The city releases tax money gathered from downtown businesses in quarterly installments. After the July meeting the city began parsing out money in monthly payments of $21,500. Those payments stopped after the October installment. A $17,000 payment was made in November. The monthly $21,500 installment for December has not been paid out.

A copy of an email sent to the city from board member Jeff Eisenberg on Jan. 30, addressing the city’s questions about Intown’s corrective plan, submitted in December, is below.

Day said the plan was rejected, and the letter from Rice followed. Attempts by Manchester Ink Link on Monday to reach LaFreniere by phone and email were unsuccessful.

“In good faith we spent a lot of time and put those plans together, and they rejected it. No feedback to us that says hey, the BMA doesn’t like this and that; could you do this? When we said we can’t operate with no paid employees and could we hire an interim executive director, Leon said sure. But I said that if we did that I would need to know that I could pay them in a timely manner; I didn’t want to have to beg the city for the money –the assessment that has already been collected. Money that we should be able to use to pay the debts we have,” Day said.  

She noted that there are vendors waiting for payment.

“We feel the city gave us nothing. It was not a give and take. They didn’t negotiate or say we don’t like your plan. There was no negotiation,” Day said.

Day says she knows the city has a different point of view about how things unfolded.

“As a property manager, I’ve learned when tenants are fighting, there’s a side A, side B and, in the middle, what really happened,” Day said.  “And I really believe that we did some things wrong, but the city is not free of blame here. No one believes there was any misappropriation of funds on Intown’s behalf.”

She said given the small annual operational budget, which comes directly from a tax assessed on downtown businesses, Intown Manchester often had to beg from Peter to pay Paul to make ends meet, especially after 2019, when a major sponsor pulled out, and then COVID happened.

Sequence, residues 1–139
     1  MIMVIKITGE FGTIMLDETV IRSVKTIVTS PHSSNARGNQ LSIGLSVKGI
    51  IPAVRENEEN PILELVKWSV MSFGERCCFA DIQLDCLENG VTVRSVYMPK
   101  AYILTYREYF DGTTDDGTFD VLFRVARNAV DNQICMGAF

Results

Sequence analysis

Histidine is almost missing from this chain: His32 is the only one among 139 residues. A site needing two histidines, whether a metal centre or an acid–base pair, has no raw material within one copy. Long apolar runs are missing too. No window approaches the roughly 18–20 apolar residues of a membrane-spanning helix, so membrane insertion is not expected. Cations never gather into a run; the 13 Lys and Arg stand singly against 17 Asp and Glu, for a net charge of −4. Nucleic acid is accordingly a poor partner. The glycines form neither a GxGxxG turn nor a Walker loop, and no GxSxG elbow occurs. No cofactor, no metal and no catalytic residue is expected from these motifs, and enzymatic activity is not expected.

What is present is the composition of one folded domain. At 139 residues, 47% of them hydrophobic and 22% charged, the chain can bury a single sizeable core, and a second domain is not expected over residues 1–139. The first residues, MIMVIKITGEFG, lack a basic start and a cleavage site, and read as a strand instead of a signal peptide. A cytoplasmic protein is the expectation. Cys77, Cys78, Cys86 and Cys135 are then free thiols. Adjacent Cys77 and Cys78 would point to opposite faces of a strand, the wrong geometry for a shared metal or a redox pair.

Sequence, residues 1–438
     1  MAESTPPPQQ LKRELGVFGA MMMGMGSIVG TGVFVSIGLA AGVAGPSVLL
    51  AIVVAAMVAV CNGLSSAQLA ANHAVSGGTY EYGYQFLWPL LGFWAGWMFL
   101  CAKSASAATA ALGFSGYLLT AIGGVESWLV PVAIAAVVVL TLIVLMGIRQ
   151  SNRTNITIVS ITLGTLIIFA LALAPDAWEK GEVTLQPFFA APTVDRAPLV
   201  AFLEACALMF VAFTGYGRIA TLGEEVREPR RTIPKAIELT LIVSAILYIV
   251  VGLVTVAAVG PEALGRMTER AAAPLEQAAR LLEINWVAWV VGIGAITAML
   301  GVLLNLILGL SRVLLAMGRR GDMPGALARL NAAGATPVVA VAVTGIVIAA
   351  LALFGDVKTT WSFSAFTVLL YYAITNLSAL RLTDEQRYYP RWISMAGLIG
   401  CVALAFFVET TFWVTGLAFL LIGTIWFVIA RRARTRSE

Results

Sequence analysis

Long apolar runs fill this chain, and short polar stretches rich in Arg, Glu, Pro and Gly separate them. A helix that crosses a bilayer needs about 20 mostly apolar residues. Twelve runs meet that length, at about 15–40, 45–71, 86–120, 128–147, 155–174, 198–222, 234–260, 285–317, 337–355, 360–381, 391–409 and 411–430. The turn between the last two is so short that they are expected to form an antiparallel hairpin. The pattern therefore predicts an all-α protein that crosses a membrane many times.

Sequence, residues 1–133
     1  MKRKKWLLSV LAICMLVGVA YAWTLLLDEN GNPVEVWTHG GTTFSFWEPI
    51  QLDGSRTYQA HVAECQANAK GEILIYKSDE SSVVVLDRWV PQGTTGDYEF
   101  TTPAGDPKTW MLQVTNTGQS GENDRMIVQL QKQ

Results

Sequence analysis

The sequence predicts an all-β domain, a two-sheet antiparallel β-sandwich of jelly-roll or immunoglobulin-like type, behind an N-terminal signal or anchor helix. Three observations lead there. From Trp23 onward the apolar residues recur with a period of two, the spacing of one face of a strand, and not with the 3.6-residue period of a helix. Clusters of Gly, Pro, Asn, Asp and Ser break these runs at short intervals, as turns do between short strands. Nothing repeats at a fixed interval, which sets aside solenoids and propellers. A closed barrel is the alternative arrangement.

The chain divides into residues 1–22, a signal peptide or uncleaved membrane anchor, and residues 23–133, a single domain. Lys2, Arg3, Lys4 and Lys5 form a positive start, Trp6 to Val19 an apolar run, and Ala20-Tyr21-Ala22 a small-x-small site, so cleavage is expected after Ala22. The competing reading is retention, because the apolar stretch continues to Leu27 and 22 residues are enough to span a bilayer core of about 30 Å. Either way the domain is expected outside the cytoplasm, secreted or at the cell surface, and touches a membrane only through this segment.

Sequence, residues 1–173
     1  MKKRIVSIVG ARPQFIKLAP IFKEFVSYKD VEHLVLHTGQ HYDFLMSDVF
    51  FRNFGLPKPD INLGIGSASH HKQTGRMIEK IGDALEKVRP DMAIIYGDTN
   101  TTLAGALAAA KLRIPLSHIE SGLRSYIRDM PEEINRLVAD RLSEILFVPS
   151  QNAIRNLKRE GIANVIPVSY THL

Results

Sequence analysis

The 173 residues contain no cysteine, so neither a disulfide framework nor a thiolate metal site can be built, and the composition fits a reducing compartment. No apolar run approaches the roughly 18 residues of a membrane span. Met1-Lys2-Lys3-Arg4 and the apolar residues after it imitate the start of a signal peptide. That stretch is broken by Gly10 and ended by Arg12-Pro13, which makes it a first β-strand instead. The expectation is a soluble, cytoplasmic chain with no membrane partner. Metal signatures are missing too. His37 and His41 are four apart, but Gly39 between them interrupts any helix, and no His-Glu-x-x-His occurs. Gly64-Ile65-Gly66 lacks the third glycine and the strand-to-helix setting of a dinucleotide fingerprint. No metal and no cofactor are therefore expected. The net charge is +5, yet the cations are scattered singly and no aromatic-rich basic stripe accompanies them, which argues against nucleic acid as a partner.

Day says she doesn’t know why the city rejected their reorganization plan (see documents below).

On Feb. 7 Beaudry sent out an email to businesses who contribute to the downtown assessment fund, which is what powers Intown Manchester.

Beaudry said Intown’s goal was to continue working, “including our fundraising” and complete our contract with the city which expires on June 30, 2022. “Our debt would be paid in full and we would then pass the baton to the next leadership team. Our attempts to help with a smooth transition and planning with the incoming team have not been valued,” Beaudry wrote. “I strongly believe that Intown and the city of Manchester would have been well served by meeting and discussing any questions, comments and concerns. It is impossible to resolve the situation without open and honest communication and planning.”

Day said it feels to her that the city never really wanted to mend the relationship with Intown.

“I’m tired of fighting with the city. I have a pile of bills on my desk that stress me out every day. I owe the guy who designed the taco tour logo $60, but I can’t pay him because the city is holding back the money. A cleaning company that cleaned the offices are owed $200 for six months work. He wants his money, but I can’t tell him when he will get paid,” Day said. “I’ve been on other boards that aren’t like this. I know this isn’t how it has to be.”

Below: Documents Intown prepared at the city’s request, which were submitted in December.


About this Author


Carol Robidoux

PublisherManchester Ink Link

Longtime NH journalist and publisher of Loves R&B, German beer, and the Queen City!